An exception is seen in fig. 2 but the change is a modification rather than a new form. In like manner New York beakers, mugs and baptismal bowls seldom changed their forms or their characteristic decoration aside from slight variations. Nor was there produced in New York a great variety of silver.
The Dutch occupied New Amsterdam hardly forty years yet their influence lasted long afterwards, a circumstance largely due, of course, to the tolerance of the English conquerors in allowing the Dutch to carry on as before. Many pieces of silver owned in the homes and churches of New Amsterdam had been brought from Holland.
With these models before their eyes the local silversmiths either copied them or combined their characteristics with the styles they found in the silver the incoming British brought with them. Thus they were not dominated by British influences such as prevailed in the silver of other colonies.
The intermingling of Dutch tradition and English style is what gave New York silver its distinctive character, an individuality that is strikingly evident in the development of New York porringer handles, especially before the first half of the 18th century.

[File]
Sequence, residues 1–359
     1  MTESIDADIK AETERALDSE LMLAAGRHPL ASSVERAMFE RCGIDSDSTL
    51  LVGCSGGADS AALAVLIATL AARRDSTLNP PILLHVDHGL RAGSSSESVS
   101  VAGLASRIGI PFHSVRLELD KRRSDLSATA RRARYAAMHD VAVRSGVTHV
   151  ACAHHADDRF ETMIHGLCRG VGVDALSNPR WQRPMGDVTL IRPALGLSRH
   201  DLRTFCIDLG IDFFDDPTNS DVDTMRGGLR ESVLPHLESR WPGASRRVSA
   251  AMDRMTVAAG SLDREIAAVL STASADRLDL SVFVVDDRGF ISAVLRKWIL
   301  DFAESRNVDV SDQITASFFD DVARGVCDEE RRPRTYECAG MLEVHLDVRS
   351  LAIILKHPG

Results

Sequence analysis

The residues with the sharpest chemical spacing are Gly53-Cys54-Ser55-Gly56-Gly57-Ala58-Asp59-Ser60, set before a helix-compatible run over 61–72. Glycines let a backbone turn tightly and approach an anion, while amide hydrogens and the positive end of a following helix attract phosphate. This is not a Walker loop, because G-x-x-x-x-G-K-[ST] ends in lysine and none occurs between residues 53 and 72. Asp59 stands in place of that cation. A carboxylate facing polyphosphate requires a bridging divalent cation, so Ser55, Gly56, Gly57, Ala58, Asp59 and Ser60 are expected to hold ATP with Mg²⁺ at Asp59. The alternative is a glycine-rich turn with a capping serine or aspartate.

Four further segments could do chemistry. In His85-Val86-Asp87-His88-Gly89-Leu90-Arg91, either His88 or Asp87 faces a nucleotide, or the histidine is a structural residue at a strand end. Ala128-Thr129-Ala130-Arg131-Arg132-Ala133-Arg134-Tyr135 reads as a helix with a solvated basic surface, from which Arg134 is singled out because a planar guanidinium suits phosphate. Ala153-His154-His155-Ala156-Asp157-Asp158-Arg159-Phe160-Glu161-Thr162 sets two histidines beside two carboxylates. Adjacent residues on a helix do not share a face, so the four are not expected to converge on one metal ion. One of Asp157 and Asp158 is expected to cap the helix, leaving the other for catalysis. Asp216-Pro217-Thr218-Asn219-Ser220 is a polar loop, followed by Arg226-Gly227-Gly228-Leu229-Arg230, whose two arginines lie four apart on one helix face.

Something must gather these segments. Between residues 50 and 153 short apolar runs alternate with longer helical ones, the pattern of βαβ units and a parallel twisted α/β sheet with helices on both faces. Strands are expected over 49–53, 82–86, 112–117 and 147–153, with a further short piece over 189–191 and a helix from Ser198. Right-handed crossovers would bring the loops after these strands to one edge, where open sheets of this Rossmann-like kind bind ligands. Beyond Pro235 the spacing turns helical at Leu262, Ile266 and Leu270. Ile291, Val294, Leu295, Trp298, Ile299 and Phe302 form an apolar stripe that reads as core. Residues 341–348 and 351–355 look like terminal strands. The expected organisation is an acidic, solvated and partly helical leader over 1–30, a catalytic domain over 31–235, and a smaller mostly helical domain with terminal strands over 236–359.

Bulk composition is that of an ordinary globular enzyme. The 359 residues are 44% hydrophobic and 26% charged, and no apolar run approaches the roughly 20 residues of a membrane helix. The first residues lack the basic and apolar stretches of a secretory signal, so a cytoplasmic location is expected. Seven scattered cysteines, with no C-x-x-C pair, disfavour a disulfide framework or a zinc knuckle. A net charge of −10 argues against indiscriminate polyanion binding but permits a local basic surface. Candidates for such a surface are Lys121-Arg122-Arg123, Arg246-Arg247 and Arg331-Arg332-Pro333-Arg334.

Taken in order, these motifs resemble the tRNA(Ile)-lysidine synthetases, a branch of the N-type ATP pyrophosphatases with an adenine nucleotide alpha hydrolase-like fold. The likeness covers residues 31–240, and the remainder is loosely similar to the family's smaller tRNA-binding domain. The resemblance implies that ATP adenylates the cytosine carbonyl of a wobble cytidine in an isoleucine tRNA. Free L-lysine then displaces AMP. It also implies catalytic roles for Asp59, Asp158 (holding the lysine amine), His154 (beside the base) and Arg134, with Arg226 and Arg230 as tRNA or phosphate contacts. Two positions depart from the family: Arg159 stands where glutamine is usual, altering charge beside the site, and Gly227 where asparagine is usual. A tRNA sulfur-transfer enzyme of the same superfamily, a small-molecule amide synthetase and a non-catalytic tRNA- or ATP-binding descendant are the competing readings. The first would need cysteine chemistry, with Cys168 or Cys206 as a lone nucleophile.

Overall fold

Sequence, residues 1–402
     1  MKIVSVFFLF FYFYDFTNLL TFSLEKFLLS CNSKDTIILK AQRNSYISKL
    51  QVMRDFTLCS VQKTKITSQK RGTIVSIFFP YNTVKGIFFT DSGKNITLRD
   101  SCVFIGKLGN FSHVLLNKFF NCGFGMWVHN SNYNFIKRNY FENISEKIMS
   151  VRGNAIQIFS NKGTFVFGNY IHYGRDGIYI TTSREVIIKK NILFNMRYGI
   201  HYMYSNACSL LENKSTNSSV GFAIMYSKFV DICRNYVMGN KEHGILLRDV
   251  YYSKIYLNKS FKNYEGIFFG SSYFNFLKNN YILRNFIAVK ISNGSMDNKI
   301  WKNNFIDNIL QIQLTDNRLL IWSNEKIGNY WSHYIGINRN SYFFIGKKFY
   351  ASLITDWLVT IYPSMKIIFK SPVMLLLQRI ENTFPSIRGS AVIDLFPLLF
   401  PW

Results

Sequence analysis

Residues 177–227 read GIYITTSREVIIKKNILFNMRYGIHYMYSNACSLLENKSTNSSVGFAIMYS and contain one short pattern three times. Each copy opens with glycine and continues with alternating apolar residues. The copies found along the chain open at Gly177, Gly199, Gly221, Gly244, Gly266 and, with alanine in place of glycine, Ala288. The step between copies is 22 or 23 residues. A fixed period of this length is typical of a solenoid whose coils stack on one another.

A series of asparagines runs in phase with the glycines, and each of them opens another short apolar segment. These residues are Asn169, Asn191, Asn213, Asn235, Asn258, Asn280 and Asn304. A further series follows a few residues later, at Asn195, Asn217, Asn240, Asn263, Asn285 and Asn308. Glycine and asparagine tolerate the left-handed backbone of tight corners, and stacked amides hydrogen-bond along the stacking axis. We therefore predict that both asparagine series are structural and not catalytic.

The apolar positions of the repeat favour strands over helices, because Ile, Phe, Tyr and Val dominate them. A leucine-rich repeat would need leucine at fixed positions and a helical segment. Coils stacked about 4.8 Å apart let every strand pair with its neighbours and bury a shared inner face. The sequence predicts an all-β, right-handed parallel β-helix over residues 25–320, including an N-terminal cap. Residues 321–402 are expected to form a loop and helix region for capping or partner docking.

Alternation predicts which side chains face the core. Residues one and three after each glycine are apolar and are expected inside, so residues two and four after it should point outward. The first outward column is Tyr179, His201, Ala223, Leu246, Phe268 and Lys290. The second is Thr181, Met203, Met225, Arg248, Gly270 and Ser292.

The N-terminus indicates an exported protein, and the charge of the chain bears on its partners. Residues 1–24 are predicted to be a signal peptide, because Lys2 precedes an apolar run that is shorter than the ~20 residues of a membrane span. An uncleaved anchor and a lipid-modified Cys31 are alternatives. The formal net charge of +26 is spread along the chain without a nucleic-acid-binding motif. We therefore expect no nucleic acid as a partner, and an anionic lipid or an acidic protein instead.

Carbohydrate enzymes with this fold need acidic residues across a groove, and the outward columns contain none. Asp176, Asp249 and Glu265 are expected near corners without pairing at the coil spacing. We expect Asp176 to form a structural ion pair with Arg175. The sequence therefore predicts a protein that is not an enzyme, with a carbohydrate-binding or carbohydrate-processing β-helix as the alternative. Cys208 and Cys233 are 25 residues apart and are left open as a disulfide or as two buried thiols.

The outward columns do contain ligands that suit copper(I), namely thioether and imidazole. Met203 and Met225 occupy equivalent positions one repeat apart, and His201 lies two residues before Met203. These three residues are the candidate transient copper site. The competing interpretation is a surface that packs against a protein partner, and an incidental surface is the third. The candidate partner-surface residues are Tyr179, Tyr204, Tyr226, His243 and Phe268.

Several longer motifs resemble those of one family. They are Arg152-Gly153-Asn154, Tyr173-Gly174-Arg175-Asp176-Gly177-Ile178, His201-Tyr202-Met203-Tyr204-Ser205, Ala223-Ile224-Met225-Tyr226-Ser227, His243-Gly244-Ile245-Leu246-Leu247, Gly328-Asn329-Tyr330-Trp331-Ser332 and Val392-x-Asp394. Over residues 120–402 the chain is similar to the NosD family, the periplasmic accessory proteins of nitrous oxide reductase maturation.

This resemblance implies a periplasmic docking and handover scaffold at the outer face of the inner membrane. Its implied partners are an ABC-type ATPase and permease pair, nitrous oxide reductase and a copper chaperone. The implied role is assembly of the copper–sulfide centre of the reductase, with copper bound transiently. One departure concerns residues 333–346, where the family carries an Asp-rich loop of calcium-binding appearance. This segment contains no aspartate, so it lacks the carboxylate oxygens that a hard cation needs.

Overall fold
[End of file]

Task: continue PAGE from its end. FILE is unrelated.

Porringers were first introduced into this country at the end of the 17th century and became peculiarly American. In England the term porringer was used to identify a two-handled caudle cup. The exact use of the English prototype of the American porringer is controversial but the belief most widely held is that it was used as a bleeding bowl.
The American porringer, on the other hand, was used for all kinds of soft food. Before sugar bowls came into use the porringer also was used as such. The porringer was popular in New England, less so in New York and Philadelphia and not used at all in the Southern colonies.
All American porringers are similar shape but vary in size. The beauty and interest lies in the handle. The variously pierced designs of the handles reflect much of the silver art of the times. Study of porringer handles in various collections and museums in the city of New York shows about ten different types made by silversmiths working between 1690 and 1790. Two of these types (figs. 1 and 4) were made by a rather large group of silversmiths; the others only by one or a few each.